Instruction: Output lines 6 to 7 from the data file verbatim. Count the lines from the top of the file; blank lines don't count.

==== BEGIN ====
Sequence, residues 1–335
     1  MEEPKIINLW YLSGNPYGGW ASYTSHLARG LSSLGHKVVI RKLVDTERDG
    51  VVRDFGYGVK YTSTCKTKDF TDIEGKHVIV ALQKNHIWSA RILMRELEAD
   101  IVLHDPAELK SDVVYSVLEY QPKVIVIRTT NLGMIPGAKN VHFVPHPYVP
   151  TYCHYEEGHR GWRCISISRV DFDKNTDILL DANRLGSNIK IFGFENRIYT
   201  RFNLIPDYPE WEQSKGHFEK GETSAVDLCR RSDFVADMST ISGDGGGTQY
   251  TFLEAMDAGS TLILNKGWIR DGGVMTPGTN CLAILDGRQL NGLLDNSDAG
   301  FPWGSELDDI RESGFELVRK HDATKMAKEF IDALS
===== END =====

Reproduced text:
   201  RFNLIPDYPE WEQSKGHFEK GETSAVDLCR RSDFVADMST ISGDGGGTQY
   251  TFLEAMDAGS TLILNKGWIR DGGVMTPGTN CLAILDGRQL NGLLDNSDAG